Despite An Engaging Premise, “Old” Fails To Live Up To Its Potential


The following review contains spoilers for “Old.”

M. Night Shyamalan is like that one soccer player who somehow makes it onto a national team, scores an amazing goal in the Euros tournament, and is then bought up by a top soccer club for millions of dollars - only to become a terrible investment who is lackluster in every season hereafter. Since “The Sixth Sense,” Shyamalan has trotted out a series of films that are awful at worst and mediocre at best. Sadly, “Old” did not break the pattern.

What makes this so depressing is that “Old” had the potential to be an intriguing film or even a thought-provoking miniseries in the vein of “Black Mirror” - but it proved to be neither. The premise is as follows: two families, a couple and two other holidaymakers are taken from a beachside resort by hotel staff to a beautiful “private beach” for the day. Slowly, the cast begins to realize they are trapped on the beach and cannot escape - and terrifyingly, time is warped by the rocks on the beach, so the characters age quickly. The children grow up in a matter of hours, and the older members realize there is little time left for them.

“Old” could have explored three themes in a lot more detail: the process of aging and how it affects what we deem important in life, the lengths an oft corrupt pharmaceutical industry will go to make a profit, and the “trolley problem” (sacrificing a few non-consenting people to save many others). Each concept was introduced then left woefully underdeveloped, which was bitterly disappointing.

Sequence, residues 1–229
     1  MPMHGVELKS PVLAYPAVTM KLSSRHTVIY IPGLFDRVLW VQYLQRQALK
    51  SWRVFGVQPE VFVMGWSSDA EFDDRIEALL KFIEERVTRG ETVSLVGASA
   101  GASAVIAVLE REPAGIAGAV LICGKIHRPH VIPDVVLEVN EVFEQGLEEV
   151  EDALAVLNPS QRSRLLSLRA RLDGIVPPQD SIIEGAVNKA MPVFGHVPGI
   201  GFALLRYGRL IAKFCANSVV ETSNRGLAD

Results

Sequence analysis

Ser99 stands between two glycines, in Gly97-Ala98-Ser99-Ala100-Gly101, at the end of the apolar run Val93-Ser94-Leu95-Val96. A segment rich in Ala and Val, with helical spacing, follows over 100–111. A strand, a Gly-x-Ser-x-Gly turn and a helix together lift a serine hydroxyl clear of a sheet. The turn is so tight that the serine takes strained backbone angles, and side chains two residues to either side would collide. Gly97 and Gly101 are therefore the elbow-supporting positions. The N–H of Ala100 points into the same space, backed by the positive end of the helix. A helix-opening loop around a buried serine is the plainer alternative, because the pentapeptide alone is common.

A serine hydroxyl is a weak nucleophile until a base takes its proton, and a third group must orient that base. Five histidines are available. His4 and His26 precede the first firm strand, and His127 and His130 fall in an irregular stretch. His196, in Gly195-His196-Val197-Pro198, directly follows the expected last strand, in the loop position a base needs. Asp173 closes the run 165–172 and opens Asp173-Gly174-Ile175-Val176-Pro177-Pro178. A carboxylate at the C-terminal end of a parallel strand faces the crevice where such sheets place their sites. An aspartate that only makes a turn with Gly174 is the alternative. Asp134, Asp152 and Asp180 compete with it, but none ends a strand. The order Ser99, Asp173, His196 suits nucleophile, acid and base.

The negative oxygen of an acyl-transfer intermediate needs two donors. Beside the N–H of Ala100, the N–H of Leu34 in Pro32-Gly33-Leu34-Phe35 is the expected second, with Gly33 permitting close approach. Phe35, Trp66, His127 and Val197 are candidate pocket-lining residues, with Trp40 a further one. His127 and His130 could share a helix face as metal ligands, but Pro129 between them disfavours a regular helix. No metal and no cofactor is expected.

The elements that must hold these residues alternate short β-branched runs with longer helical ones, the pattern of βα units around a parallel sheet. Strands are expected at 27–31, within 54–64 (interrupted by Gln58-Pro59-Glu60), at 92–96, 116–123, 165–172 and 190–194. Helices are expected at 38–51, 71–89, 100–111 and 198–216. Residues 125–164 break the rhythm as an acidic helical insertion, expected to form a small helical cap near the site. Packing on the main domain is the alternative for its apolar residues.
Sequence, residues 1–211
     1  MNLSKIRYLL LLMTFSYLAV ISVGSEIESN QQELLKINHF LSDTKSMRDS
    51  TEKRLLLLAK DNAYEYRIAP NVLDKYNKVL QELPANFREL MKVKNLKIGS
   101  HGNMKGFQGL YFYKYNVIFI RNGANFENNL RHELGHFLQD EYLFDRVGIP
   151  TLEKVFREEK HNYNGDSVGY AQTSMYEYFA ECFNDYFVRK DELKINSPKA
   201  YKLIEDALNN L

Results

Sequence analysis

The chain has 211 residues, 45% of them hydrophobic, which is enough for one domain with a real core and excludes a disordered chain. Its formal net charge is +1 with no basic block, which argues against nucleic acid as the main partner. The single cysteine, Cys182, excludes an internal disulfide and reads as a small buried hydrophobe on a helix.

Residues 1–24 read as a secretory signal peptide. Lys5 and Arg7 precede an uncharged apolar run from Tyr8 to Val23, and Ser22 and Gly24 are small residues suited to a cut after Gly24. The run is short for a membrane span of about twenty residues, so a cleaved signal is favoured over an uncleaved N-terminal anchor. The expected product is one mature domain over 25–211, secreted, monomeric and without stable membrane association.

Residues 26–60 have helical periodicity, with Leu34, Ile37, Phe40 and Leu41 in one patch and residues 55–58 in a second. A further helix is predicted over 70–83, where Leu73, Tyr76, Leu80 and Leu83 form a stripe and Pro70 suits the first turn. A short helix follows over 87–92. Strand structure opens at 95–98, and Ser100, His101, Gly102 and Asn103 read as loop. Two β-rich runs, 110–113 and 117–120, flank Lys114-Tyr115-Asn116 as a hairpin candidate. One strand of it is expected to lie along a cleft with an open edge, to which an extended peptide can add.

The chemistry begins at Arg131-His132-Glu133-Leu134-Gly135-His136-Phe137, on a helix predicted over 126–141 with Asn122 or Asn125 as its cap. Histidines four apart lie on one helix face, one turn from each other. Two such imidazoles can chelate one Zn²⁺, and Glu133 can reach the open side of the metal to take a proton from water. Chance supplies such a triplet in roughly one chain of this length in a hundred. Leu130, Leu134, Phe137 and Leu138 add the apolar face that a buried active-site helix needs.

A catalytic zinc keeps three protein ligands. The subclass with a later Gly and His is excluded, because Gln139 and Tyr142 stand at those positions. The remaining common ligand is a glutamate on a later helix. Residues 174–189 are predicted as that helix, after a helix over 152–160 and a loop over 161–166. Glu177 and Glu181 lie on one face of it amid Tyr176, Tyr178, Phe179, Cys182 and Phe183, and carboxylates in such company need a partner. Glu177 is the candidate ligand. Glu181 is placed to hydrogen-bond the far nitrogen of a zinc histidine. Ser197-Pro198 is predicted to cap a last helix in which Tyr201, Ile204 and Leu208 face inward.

The exploration of our relationship to time and aging fell flat because we aren’t emotionally invested in the cast. Each character was interesting on paper; there’s a therapist who has her own unresolved issues, a couple on the brink of divorce, a rapper with imposter syndrome who grew up privileged, and other people who could have had depth to them. Unfortunately, with the film’s relatively short run time, poor exposition and less than stellar acting, the deaths have little impact and it’s difficult to buy into the “deeper” message: removing oneself from the trivial pettiness of everyday arguments and valuing what really matters, because time is short. Great idea, terrible execution.

As for the “twist” at the end - why does Shyamalan feel the need to ham-handedly shove all of his films into this format? The “twist” wasn’t even a twist, it was a mere reveal. It is clear from the beginning that the hotel staff had some sinister reason for sending the holidaymakers to the beach - we are just waiting to find out why.

It would have been far better to break away from the classic Shyamalan format and reveal the truth at the beginning, then develop this concept further as the film progresses. In addition, numerous plot holes which make the film unbelievable could have been explained if more screen time was devoted to the thing that was ultimately the cause of the aging. You simply cannot shove such a complicated reveal into the last three minutes, leave it unexplained, and expect your audience to walk away satisfied.

The end result feels like a long episode of “The Twilight Zone” and it’s a real shame a film with such potential was given to a director like Shyamalan. In the right hands, “Old” could have been worth the watch.


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